After being conquered by the followers of Muhammad, most of the peoples of the region adopted Islam and the Arabic language, but some continued to practice other religions and maintain their cultural identities.
For over 150 years Islam governed these peoples as one political region, but beginning in the tenth century, the empire began to fall apart.
Turks, led by the Seljuks, conquered almost all of the Middle East, adopting Islam and ruling for more than four hundred years before being replaced by the Ottoman Turks.
The Ottomans did not impose Islamic law on non-Muslims.
Beginning in the late 1700s, discontent and ethnic and religious rivalry caused Ottoman power to deteriorate.
European nations, eager to exert political influence in the Middle East and gain new markets for their products, called the Ottoman Empire “the sick man of Europe.”
During and after the Israeli war of independence in 1948, as many as 500,000 Palestinian refugees fled to neighboring Arab countries. Some Palestinian refugees found jobs and housing, but others remained in crowded refugee camps.
In the mid-1960s, many of these camps became bases for the Palestinian Liberation Organization, which demanded that Palestine be liberated, and attacked and killed Israeli civilians.
More and more Israelis settled in the occupied territories, which caused Palestinian support for the PLO in the West Bank and Gaza to grow.
Palestinians began uprisings, called intifadas, in 1987 and again in 2000, after peace talks with Israel stalled.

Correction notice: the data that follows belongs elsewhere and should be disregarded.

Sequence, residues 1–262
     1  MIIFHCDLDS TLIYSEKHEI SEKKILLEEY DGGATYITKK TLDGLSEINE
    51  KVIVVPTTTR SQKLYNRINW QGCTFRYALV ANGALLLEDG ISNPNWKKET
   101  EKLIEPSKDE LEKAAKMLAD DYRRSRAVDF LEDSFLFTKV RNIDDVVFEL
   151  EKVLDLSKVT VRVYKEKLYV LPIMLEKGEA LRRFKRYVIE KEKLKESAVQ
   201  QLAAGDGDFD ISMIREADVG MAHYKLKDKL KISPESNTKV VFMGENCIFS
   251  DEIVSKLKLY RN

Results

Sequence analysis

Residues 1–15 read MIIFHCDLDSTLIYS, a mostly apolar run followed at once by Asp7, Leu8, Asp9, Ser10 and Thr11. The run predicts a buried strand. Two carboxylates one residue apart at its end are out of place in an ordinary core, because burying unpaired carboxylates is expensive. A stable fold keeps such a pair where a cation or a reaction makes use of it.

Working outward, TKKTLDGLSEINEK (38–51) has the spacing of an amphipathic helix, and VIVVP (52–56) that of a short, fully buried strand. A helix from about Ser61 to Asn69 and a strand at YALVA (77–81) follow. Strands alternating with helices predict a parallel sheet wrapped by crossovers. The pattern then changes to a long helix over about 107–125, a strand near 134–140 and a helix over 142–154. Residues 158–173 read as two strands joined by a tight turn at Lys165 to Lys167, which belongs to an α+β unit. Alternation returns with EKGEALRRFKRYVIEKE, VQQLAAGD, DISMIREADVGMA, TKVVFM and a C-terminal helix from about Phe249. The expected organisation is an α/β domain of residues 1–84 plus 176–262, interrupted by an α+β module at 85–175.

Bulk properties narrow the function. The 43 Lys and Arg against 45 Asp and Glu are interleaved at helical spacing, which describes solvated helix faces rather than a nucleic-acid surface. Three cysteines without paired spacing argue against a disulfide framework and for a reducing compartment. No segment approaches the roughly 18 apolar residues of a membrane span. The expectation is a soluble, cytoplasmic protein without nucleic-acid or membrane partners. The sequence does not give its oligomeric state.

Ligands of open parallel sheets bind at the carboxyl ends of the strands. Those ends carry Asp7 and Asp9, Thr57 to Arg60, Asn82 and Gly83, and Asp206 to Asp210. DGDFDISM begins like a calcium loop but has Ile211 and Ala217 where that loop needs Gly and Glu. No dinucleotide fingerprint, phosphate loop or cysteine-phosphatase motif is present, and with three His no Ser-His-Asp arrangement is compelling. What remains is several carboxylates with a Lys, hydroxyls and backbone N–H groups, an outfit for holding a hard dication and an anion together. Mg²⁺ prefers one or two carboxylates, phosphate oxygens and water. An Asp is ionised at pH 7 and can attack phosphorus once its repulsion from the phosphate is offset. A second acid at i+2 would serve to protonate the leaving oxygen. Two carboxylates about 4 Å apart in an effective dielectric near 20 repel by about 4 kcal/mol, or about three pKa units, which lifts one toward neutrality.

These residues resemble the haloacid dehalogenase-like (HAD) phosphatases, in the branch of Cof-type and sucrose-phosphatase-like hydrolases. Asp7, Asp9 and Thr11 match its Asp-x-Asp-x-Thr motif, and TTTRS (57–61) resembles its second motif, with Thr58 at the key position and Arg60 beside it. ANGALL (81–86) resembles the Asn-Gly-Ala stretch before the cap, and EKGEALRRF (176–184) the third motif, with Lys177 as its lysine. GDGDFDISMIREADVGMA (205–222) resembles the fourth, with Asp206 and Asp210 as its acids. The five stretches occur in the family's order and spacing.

Since independence from France in 1943, power has been divided between Maronite Christians, Sunni Muslims, Shiite Muslims, Orthodox Christians, and Druze based on the sizes of their populations.
The Maronites had the highest population and held the most power, but population growth among Muslims and growing economic inequalities between groups created more tensions.
Civil war broke out in 1958 and again in 1975, and in 1982, Israel invaded to drive out the PLO.
An international peacekeeping force was sent in to maintain order, but after several hundred United States Marines were killed, all American troops were withdrawn and the country slid into anarchy, or lawlessness.
The militias, or citizen armies of each faction of Lebanese society, stopped fighting each other in the early 1990s when a new power-sharing agreement was created.
Lebanon has begun to rebuild its infrastructure and economy, and Israel withdrew its troops in 2000.
In Oman and Yemen, life for most people has changed little since ancient times.
Yemen has only begun processing its oil deposits, while Oman has used oil revenues to improve life for its people, although it did not undergo the large-scale modernization that Saudi Arabia and Kuwait did.
Yemen was formed in 1990 from North Yemen and South Yemen, and while Sanaa is the political capital, Aden is the economic capital.
Most people in Yemen and Oman are farmers or herders, and many farmers depend on an ancient system of underground and surface canals called the falaj system for water.
The government of Oman has used oil money to improve the standard of living there, although it is setting up new industries in order to lessen dependence on oil.